King had used the "I have a dream" theme before, in a handful of stump speeches, but never with the force and effectiveness of that hot August day in Washington. He equated the civil rights movement with the highest and noblest ideals of the US tradition, and for many people in the US — White and Black — the importance of racial equality was seen with a new and blinding clarity. He ended his stirring, 16-minute speech with his vision of the fruit of racial harmony:
      “When we let freedom ring, when we let it ring from every village and every hamlet, from every state and every city, we will be able to speed up that day when all of God's children, black men and white men, Jews and Gentiles, Protestants and Catholics, will be able to join hands and sing in the words of the old Negro spiritual, 'Free at last! Free at last! Thank God Almighty, we are free at last!'
      In the year after the March on Washington, the civil rights movement achieved two of its greatest successes: the ratification of the 24th Amendment to the Constitution, which abolished the poll tax and thus a barrier to poor Black voters in the South; and the passage of the Civil Rights Act of 1964, which prohibited racial discrimination in employment and education and outlawed racial segregation in public facilities. In October 1964, Martin Luther King, Jr., was awarded the Nobel Peace Prize. On 04 April 1968, he was shot to death while standing on a motel balcony in Memphis, Tennessee; escaped convict James Earl Ray was convicted of the assassination.
1957 Senator Thurmond begins 24-hr filibuster against civil rights bill
1945 Chinese communist leader Mao Tse-Tung arrives in Chunking to confer with Nationalist leader Chiang Kai-Shek in a futile effort to avert civil war.
1944 German forces in Toulon and Marseilles, France, surrender to the Allies.
1941 The German U-boat U-570 is captured by the British and renamed Graph.
^ 1941 Price controls and rationing
      With the US on the verge of entering World War II and prices threatening to skyrocket, President Franklin Roosevelt, by an executive order, creates the Office of Price Administration (OPA). Charged with controlling consumer prices in the face of war, the OPA imposed rent controls and a rationing program which initially targeted auto tires. Soon, the agency was producing coupon books for sugar, coffee, meat, fats, oils, and numerous other items.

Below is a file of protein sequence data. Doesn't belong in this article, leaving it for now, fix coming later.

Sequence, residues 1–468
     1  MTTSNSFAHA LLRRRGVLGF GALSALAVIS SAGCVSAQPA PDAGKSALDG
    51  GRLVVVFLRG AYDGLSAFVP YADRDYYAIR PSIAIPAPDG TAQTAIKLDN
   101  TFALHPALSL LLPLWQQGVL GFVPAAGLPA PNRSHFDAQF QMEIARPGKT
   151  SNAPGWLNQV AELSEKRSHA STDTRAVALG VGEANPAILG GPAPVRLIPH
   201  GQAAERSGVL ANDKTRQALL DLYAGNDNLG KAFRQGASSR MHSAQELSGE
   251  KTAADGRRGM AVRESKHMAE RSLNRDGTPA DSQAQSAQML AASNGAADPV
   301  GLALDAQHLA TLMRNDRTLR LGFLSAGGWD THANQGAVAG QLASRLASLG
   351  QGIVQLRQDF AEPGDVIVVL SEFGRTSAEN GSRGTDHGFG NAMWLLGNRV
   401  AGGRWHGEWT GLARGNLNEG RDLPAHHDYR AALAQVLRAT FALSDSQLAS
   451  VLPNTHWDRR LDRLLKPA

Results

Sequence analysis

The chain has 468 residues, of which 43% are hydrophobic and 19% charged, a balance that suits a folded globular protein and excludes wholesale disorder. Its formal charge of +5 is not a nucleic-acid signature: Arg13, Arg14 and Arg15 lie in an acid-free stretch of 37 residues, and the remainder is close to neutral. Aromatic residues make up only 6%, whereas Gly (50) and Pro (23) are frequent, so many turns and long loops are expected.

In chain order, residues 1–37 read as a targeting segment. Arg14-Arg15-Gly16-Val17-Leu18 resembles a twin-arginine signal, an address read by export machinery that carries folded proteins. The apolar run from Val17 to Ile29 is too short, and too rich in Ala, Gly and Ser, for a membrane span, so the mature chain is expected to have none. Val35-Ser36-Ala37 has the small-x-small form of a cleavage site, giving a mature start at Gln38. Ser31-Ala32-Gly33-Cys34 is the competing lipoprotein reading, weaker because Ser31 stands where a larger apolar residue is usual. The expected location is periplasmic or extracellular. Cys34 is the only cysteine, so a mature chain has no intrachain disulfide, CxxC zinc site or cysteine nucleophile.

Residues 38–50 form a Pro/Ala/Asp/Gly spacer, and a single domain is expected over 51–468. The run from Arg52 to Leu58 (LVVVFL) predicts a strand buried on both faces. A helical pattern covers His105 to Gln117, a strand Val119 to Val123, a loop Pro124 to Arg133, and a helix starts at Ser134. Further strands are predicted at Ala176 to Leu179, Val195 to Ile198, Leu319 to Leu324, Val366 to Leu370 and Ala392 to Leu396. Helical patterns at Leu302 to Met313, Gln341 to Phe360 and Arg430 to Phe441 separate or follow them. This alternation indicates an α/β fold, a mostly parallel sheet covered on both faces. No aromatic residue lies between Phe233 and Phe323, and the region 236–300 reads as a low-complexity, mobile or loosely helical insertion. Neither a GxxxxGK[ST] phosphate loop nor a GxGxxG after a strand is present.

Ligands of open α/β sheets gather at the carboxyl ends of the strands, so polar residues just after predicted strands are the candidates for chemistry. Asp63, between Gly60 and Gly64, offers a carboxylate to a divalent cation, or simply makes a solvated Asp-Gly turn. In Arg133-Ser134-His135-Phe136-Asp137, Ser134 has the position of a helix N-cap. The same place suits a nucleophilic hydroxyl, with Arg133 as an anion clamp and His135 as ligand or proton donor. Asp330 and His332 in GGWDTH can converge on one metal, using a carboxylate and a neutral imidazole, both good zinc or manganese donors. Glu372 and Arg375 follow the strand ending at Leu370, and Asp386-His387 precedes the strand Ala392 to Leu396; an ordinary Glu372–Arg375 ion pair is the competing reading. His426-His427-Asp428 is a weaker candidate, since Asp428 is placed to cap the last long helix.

With goods in tight supply, people in the US were urged to stick to the system of rationing. Some even took the Home Front Pledge, a declaration of their commitment to avoiding the black market in favor of buying the OPA way. The end of the war didn' t prompt an instant shutdown of the OPA. Reasoning that some goods were still quite scarce, President Truman kept the agency running. However big business objected to the controls, as did farmers, who suffered under continued meat rationing.
      Soon after the 1946 election, the OPA was relieved of its duties, with only rents, sugar, and rice still subject to controls. The agency's record of service during the war was fairly impressive: by V-J Day, consumer prices had increased by 31%, compared with 62% during World War I.
1933 In the Great Depression in the US, an executive order prohibits "hoarding" gold and places limits on its exportation.
1916 Italy's declaration of war against Germany took effect during World War I.
1914 Three German cruisers are sunk by ships of the Royal Navy in the Battle of Heligoland Bight, the first major naval battle of World War I.
^ 1879 Last independent Zulu king is captured
      King Cetshwayo, the last great ruler of Zululand, is captured by the British following his defeat in the British-Zulu War. He was subsequently sent into exile. In 1843, Britain succeeded the Boers as the rulers of Natal, which administered Zululand, the neighboring kingdom of the Zulu people. Boers, also known as Afrikaners, were the descendants of the original Dutch settlers who came to South Africa in the seventeenth century. Zulus, a migrant people from the north, had also come to southern Africa during the seventeenth century, settling around the Tugela River region.
      In 1838, the Boers, migrating north to elude the new British dominions in the south, first came into armed conflict with the Zulus, who were under the rule of King Dingane at the time. The European migrants succeeded in overthrowing Dingane in 1840, replacing him with his son Mpande, who became a vassal of the new Boer republic of Natal.